Brown began working for an animation studio in New York City and experimented with that medium. She created an erotic mixed-media film titled Four Letter Heaven, which premiered at the 1995 Telluride Film Festival. She was slightly skeptical of painting and first spent her time in the city exploring other creative avenues. As she put down roots in the city, Brown lived the life of the stereotypical starving artist, working as a waitress and living on pizza and bagels. During the evenings, she spent her time making art and eventually began focusing solely on painting in her studio in the Meatpacking district of Manhattan. She painted almost feverishly, typically working on as many as twenty paintings at once.
Brown's large-scale paintings depicted a kind of chaotic and violent sexuality. The works featured a flurry of bodies, which were abstract but still discernible. Her success came fairly quickly, with her first solo show taking place at Deitch Projects in 1997. After a second successful exhibition the following year and the resulting commercial and critical praise, Brown relinquished starving-artist status. At the age of 29, Brown was picked up by the Gagosian Gallery, one of the most esteemed and influential galleries in the world. Although she was represented by a major gallery and her work had begun appearing in prominent museums, Brown, whose confidence in her abilities was easily shaken, was surprised by her own achievement.
During those early years of her mercurial success, Brown shared a studio with the artist, Sean Landers, with whom she also had an intimate relationship. The studio was her safe haven, while the grid of the city was like her refuge. Brown spent as much time as possible in the studio painting almost obsessively and still felt dissatisfied with her productivity. She admitted that, during her early years in New York as a young, up-and-coming artist she drank heavily and partied often, and in some ways welcomed a life of drama and intensity. One of the most dramatic episodes in her life occurred in 2000, when her boyfriend, the artist Russell Haswell, attempted to slit her throat during a particularly heated quarrel and then jumped out the apartment window in an attempt at suicide. The attempt failed and the two parted ways. In retrospect, Brown blamed the myth of the tormented genius artist and the lifestyle that seems to demand that an artist moves between the worlds of the almost manic decadence of New York City and art world life and the rigorous self-discipline of the studio.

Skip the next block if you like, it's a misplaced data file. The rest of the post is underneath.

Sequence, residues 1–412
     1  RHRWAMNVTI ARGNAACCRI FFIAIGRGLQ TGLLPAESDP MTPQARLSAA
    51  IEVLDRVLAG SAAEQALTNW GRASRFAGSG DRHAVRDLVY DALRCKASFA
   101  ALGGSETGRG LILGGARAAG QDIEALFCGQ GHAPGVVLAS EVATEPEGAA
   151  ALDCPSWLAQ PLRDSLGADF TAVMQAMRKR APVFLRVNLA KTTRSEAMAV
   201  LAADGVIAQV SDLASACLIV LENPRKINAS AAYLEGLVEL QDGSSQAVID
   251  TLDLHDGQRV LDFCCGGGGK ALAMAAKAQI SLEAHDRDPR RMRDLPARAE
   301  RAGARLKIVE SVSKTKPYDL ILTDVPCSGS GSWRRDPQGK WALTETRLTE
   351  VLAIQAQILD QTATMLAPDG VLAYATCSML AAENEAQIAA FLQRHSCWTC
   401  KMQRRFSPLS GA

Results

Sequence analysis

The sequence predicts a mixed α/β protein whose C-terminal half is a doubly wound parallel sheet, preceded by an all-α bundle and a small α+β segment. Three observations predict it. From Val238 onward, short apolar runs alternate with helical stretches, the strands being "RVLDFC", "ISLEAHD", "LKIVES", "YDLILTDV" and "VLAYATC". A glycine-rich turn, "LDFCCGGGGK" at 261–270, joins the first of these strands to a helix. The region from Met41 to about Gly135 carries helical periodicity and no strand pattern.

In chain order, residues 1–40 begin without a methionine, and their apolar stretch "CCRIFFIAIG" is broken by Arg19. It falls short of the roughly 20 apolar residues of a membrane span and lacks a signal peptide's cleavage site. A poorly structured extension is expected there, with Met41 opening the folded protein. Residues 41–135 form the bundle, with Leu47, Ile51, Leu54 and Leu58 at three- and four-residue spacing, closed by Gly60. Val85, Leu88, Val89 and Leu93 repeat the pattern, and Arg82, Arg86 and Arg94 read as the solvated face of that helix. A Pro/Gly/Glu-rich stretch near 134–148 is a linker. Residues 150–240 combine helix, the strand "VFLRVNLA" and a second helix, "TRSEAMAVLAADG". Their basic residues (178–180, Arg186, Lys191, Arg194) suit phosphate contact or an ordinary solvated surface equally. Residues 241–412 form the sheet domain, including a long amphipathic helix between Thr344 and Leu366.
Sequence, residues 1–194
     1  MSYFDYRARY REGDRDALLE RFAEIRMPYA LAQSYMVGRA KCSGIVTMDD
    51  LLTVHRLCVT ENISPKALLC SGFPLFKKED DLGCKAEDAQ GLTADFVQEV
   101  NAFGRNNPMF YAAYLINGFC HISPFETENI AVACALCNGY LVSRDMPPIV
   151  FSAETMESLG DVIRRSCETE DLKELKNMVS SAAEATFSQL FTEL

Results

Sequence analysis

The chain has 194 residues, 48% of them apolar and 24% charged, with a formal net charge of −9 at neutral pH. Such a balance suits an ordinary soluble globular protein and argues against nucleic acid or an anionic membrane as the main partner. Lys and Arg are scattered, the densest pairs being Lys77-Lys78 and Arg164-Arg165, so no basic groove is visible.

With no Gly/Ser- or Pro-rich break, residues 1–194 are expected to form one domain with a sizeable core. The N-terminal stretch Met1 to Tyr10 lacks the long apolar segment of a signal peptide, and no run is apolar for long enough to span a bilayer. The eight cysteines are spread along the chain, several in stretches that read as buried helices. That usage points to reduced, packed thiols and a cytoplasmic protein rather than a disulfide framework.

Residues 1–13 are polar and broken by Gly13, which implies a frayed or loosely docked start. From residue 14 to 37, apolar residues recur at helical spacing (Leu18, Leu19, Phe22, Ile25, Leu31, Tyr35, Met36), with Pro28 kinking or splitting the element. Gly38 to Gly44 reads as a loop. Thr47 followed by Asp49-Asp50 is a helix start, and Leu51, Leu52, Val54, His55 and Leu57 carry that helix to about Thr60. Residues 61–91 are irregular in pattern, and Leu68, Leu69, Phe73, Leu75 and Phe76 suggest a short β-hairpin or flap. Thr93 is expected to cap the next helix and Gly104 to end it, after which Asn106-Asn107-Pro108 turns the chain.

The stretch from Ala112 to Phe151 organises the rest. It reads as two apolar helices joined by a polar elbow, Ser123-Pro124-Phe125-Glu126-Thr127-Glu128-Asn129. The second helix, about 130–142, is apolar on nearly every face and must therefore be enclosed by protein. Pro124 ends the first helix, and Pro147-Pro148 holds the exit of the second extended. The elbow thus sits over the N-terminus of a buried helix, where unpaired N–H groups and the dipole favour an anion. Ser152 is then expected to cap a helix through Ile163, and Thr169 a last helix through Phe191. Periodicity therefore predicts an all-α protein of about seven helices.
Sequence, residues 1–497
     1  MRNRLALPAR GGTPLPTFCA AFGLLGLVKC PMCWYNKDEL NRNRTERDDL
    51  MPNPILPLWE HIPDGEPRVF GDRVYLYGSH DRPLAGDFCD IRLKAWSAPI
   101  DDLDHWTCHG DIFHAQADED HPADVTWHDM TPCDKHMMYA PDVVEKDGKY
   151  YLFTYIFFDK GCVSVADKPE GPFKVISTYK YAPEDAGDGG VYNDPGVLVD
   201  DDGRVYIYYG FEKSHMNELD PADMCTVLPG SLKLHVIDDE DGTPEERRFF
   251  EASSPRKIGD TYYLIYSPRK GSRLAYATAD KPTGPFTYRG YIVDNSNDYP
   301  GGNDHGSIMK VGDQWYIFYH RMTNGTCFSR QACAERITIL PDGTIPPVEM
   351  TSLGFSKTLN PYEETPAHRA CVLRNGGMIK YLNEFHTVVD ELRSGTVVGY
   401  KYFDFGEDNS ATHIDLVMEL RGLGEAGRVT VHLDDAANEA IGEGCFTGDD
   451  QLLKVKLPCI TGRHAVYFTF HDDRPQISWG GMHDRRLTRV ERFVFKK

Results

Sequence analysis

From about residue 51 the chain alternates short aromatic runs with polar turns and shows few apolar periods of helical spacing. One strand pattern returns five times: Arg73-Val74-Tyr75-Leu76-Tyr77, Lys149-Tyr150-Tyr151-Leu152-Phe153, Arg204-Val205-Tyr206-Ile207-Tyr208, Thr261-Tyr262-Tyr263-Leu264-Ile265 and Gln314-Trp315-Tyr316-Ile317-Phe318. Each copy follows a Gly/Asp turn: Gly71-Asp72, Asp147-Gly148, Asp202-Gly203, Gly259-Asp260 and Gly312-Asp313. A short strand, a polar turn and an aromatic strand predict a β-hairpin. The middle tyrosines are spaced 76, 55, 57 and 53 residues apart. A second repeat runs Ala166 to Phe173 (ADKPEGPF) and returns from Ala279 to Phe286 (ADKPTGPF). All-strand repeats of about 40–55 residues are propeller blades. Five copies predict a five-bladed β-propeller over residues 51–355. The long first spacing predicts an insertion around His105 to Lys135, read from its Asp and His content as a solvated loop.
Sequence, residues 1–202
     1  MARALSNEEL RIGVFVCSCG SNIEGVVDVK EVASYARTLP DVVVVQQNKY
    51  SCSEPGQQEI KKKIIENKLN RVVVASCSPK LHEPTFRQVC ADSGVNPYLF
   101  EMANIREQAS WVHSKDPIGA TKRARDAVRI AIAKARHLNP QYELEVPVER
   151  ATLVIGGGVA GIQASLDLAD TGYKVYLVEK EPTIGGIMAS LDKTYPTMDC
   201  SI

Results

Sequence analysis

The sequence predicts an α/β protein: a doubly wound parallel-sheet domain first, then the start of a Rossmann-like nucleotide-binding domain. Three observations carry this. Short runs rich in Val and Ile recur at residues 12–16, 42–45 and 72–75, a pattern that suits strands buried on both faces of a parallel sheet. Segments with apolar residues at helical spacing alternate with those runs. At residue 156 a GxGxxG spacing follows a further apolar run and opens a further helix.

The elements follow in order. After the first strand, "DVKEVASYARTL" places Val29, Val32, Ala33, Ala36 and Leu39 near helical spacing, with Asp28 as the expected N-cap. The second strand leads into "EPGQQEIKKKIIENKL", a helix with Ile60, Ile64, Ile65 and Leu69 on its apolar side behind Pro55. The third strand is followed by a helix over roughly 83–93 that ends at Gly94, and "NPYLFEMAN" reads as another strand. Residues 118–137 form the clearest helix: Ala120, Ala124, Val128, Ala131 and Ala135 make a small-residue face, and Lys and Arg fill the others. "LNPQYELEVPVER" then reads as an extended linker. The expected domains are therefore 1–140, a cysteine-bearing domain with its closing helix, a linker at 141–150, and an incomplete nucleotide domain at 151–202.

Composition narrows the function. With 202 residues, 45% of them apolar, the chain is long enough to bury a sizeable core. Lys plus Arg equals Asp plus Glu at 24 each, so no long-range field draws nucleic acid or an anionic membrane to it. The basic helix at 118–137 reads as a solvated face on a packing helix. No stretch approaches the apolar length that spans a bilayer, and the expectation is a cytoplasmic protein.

Brown's style has evolved over time. Her early focus on highly charged sexual themes, with the heavily impastoed canvases of roiling figures was expanded through the years to incorporate more diverse subject matter. Sexual themes are tempered so that there is a subtlety or even vagueness to her work, which the artist says now features a myriad of topics -- "life, death, and the kitchen sink." In May 2015, Brown left the Gagosian gallery after 15 years to the tremendous surprise of the art world. Her more recent work is smaller in scale, with some paintings no more than 17 inches tall. She married architecture critic, Nicolai Ouroussoff and they have a daughter named Ella.
In 2015, her work was at the center of a debate concerning art and appropriation when it was observed that the work of artist, Sherie' Franssen, looked uncannily like that of Brown. The debate featured equal measures of amusement and vitriol on the part of Brown supporters and Brown herself declared that Franssen was little more than a copyist, an assertion that seems a little problematic coming from an artist who made no secret of appropriating themes and styles from past artists.
Brown's career has been the subject of controversy for many reasons. When her work is compared to that of De Kooning, for instance, she's characterized as a kind of "feminist" counterpart to the infamous Ab Ex painter who often portrayed women as hideous monsters. However, critics contend that there is nothing particularly overtly feminist about Brown's work, which New York Times art critic, Roberta Smith, has referred to as "lackluster" and bereft of "necessity."
The Legacy of Cecily Brown
Cecily Brown's emergence as a female artist capable of challenging the gendered status quo not only of the art world but of what many regard as the hyper-masculinity of the Abstract Expressionist movement is perhaps her most lasting contribution. The rhetoric that has traditionally been applied to reinforce concepts of both a feminine style of painting and feminine subject matter, while not completely absent from critiques of Brown's vigorous, unrelenting style and unapologetic themes, stands out as ridiculously anachronistic at the least. The artist's feminism is not and never has been a cudgel but, rather, a brush with which she asserts her skill, energy, and intellect in work that is not especially directly feminist in terms of subject matter but demands its rightful place in the art world and in the larger world where the gender binary is under constant challenge.